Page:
10.14 A True Test

I wrote in my first blog post “I planned my life through the surgeries. After that, I am a blank canvas.” and I still feel that way. It is going to be amazing to feel free – free from doctors, from surgeries, from planning, from worrying, and just move forward as me. I’m not so deluded to expect that life will be easy, but I do expect a lot of stress eliminated and a much more fulfilling future. I want to watch my boys grow, strengthen my relationships with friends and family, and most of all just take time be present, something that I feel that I couldn’t do in the recent past.

Do you foresee any future roadblocks?

Fortunately, I do not. I refuse to even consider that I may be among the small percent that take all of these preventative measures and still are diagnosed with cancer. If that day does come, I will cope then. I will not allow myself to live in fear, to consider the “what if.” I am confident in my decisions. I chose this path to live a long and hopefully fulfilling life. I don’t want my sons’ memories of me to be consumed of visits to a hospital or illness due to treatments. I want to move forward and live my life.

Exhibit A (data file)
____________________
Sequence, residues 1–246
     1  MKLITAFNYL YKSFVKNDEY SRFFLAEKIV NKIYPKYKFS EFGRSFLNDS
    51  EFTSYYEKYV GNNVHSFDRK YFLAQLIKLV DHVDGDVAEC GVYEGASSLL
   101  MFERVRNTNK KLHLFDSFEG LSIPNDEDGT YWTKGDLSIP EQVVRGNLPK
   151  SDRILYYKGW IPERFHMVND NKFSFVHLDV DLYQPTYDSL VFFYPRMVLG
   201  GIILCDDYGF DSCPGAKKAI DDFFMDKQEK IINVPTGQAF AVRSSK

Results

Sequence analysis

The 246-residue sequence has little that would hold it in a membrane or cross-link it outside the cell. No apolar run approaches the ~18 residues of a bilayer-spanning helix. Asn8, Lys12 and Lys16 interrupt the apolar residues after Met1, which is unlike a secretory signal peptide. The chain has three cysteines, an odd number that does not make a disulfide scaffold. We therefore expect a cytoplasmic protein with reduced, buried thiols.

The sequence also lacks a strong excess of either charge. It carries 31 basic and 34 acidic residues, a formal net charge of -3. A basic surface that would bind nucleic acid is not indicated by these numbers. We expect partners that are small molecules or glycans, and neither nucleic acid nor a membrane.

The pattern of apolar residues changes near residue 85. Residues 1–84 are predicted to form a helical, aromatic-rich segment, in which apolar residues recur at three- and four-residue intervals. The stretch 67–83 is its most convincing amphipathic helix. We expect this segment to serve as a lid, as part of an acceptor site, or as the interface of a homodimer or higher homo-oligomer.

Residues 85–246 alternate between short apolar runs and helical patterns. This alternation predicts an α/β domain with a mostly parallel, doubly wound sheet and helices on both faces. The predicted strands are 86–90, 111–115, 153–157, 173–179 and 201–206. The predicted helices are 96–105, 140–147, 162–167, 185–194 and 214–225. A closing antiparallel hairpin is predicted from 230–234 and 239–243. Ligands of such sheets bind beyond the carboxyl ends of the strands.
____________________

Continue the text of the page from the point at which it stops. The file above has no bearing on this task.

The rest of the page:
Mollie has previously appeared on my blog shortly after news broke about Angelia Jolie’s decision to undergo a prophylactic double mastectomy. You can read more about Mollie’s decision to remove her breasts after learning about her BRCA diagnosis here